Turtles of the Caribbean
Managing the traditional turtle fishery of the Turks and Caicos Islands
The Turks and Caicos Islands (TCI) is a UK Overseas Territory (UKOT) lying in the northern Caribbean, where hunting sea turtles has been a tradition for centuries. Concerned about the declining turtle nesting populations, the TCI Government invited MCS to start the TCI Turtle Project in 2008.
This groundbreaking project involved working with the government and the fishing communities to learn more about the turtles found in TCI waters along with those that the fishers would catch. Using the innovative Community Voice Method, we also filmed a wide range of community members talking about their relationships with turtles. The resulting film was played back to over 250 people across the TCI, providing them with an opportunity to voice their opinions on conservation measures. The information from these discussions was combined with our scientific information, and helped to develop detailed recommendations to improve the management of the traditional turtle fishery.
In 2014, we were delighted when our recommendations were accepted and new regulations came into force. This including a maximum size limit to protect green and hawksbill turtles that were close to or already at a size associated with breeding. An eight month closed season was also introduced for the critically endangered hawksbill turtle during its nesting season, adding an extra layer of protection for these mature individuals that are so vital in sustaining populations.
Worryingly, the illegal landings of two large satellite-tracked green turtles in the last two years suggest some fishers are breaking the law. It’s now time to revisit the TCI and its fishermen to see how the regulations are working and whether they’re having the desired impact.
Through generous support from the People’s Trust for Endangered Species (PTES) this important work is being carried out by our UKOT Conservation Officer Amdeep Sanghera. Amdeep coordinated the TCI Turtle Project for MCS when it started 10 years ago, and recently visited the TCI to re-engage with his network of fisher friends to assess their awareness of the rules and compliance.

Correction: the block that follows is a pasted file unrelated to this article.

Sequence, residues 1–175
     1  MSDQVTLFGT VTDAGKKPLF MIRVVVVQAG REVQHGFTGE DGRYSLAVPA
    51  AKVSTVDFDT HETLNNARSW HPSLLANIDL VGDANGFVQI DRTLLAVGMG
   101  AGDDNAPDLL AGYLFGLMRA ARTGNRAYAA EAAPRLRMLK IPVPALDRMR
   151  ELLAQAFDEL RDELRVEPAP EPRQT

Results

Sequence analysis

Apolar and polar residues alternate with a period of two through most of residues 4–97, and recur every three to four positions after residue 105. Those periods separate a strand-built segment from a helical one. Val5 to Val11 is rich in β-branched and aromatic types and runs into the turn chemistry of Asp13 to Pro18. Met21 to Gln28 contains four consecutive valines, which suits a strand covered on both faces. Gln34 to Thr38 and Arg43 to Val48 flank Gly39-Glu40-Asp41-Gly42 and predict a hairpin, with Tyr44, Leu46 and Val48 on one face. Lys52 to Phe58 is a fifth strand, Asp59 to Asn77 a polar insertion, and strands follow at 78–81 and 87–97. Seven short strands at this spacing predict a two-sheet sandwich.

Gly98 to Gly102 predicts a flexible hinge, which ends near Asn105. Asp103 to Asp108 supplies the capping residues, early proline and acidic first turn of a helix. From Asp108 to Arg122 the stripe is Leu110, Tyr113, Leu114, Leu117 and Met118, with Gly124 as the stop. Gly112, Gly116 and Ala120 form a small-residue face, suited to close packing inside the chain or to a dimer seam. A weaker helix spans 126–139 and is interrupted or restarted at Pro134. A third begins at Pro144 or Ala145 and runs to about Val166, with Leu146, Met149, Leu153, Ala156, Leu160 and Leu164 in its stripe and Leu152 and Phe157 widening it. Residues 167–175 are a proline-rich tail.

“There seems to have been a change in attitude and practice when it comes to turtle fishing in TCI. Many of the fishermen who I routinely saw landing large breeding turtles said they don’t catch them any longer. And repeatedly fishermen echoed the conservation messages of needing to protect large breeding turtles. Even though we think some fishers are not observing the law, the sense that many are is encouraging.”
Also promising is the local perception that more turtles are nesting across the islands’ beaches. To fully understand the current state of TCI’s turtles and the fishery, including any illegal fishing, Amdeep will work with local researchers to monitor the fishery at the docksides, as well as turtle nesting on selected beaches.
He’ll also survey fishers and government enforcement officers to record local perceptions of the fishery regulations. With all this information, we’ll develop recommendations for the government specifying what action must be taken to ensure the fishery is properly managed in order to secure a brighter future for the region’s endangered turtle populations.Tweet